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MINISO faces class-action lawsuit

MINISO faces class-action lawsuit

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Global Chinese retailer MINISO has faced class-action lawsuits over federal securities concerns filed by US investors, including Robbins Geller Rudman & Dowd LLP and the Klein Law Firm. According to the official statement of The Klein, the law firm has filed a class action complaint on behalf of shareholders of MINISO Group, alleging that the company violated federal securities laws.

The lawsuit is on behalf of persons or entities who purchased or otherwise acquired publicly traded MINISO securities pursuant or traceable to the registration statement and related prospectus issued in connection with MINISO's October 2020 initial public offering.

The filed complaint alleges that MINISO Group made materially false or misleading statements or failed to disclose that defendants and other undisclosed related parties owned and controlled a much larger number of MINISO stores than previously stated.

According to the release, the law firm also said MINISO concealed its true costs where the company did not represent its true business model; the company and its chairman engaged in planned unusual and unclear transactions. Therefore the company is at risk of breaching contracts with People's Republic of China authorities.The statement also said the defendant's statements about the company's business, operations, and prospects were materially false and misleading or lacked a reasonable basis at all relevant times.

Meanwhile, Robbins Geller Rudman & Dowd LLP has also released a statement regarding the lawsuit, alleging that the IPO’s registration statement of MINISO was false and misleading. It concluded that MINISO is at risk of breaching contracts with PRC authorities and would imminently and drastically drop its franchise fees.

Previously in July, MINISO has claimed that the short seller report released by Blue Orca Capital recently was misleading, after the investment firm alleged that MINISO lied about its core business model.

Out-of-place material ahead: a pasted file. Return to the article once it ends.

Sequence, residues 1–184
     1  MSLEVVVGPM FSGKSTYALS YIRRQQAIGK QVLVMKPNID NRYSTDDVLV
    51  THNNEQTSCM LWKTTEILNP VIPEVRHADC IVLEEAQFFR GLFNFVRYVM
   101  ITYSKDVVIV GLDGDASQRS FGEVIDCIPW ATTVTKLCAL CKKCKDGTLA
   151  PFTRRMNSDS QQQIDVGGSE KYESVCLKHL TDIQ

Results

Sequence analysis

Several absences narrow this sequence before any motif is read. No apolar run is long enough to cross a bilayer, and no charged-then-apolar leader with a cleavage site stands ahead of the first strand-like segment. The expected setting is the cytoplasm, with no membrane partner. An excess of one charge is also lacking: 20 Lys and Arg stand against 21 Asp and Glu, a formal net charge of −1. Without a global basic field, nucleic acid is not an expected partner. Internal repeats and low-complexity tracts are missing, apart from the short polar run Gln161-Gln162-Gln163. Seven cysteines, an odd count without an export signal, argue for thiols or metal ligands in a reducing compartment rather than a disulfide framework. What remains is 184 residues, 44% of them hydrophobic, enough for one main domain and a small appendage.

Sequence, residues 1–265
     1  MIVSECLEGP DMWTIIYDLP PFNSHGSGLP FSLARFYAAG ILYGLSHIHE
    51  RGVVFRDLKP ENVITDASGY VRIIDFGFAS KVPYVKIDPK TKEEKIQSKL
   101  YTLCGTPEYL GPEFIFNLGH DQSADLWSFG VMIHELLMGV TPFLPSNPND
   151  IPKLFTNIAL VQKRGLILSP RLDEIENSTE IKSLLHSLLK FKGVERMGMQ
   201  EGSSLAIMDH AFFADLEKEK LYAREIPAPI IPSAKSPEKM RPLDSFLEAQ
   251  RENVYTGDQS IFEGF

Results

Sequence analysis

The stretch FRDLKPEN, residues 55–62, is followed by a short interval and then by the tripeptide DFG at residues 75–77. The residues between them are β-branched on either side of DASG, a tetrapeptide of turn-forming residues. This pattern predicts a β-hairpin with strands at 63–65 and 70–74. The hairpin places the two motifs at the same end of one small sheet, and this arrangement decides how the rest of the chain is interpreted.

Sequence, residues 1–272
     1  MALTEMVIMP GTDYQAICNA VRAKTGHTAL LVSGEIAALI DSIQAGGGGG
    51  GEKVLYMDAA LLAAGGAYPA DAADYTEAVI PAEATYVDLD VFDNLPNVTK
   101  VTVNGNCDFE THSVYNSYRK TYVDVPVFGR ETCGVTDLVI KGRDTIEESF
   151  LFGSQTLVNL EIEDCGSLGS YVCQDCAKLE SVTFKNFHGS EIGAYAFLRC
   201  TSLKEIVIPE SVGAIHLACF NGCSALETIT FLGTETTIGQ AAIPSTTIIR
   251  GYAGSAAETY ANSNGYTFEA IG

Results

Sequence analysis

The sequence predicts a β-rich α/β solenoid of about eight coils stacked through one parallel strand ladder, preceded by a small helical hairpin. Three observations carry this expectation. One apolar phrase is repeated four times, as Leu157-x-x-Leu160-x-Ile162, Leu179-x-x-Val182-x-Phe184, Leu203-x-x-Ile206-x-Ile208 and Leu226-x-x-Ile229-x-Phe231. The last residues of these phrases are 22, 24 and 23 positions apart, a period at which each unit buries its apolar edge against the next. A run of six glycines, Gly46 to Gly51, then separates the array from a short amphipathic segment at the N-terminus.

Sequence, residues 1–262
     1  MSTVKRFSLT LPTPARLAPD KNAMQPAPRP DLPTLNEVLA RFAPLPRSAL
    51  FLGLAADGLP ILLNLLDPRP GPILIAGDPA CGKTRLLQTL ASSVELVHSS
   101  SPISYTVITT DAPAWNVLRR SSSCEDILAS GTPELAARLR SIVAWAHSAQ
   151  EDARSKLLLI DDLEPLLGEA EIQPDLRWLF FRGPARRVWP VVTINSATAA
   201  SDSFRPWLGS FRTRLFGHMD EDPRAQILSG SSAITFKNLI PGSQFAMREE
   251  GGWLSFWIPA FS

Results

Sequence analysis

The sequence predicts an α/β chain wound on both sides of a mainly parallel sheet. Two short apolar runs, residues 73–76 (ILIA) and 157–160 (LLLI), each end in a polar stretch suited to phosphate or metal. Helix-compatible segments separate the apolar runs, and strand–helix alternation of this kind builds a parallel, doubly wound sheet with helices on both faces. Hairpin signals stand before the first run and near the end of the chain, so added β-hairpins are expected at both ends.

According to MINISO's public announcement, the retailer said the company believes the report is without merit and contains misleading conclusions and interpretations regarding information relating to the company. The company’s board of directors, including the audit committee, is reviewing the allegations and considering the appropriate course of action to protect the interests of all shareholders.

The board has decided to form an independent committee, consisting of independent directors Xu Lili, Zhu Yonghua and Wang Yongping, to oversee an independent investigation regarding the allegations made in the report at the recommendation of the management of the company and in order to protect the interests of all shareholders. The independent committee may retain independent professional advisors to assist with the independent investigation when appropriate.

On the other hand, MINISO has dominated headlines recently as it apologised for presenting the company as a Japanese designer brand in an earlier marketing strategy. The brand said that it will complete the process of “de-japanising” its stores and renovation of decoration by March 2023.  According to the official statement on its weibo account released on 18 August, MINISO said from 2015 to 2018, when the company was in the early stages of its globalisation, it recruited Japanese designer Miyake Junya as its chief designer, which then resulted in promoting itself as a ‘Japanese designer brand’.

The statement added that the company took a wrong direction in brand positioning and marketing in the early stage of development. As a result, the company has been de-japanising its stores since 2019 by removing any Japanese designer branding elements and upgrading the brand as lifestyle gathering store.

Related articles:

MINISO faces heat for labelling toys in Chinese cheongsam as Japanese geisha
MINISO pumps about RM1.5m into Malaysia flagship store


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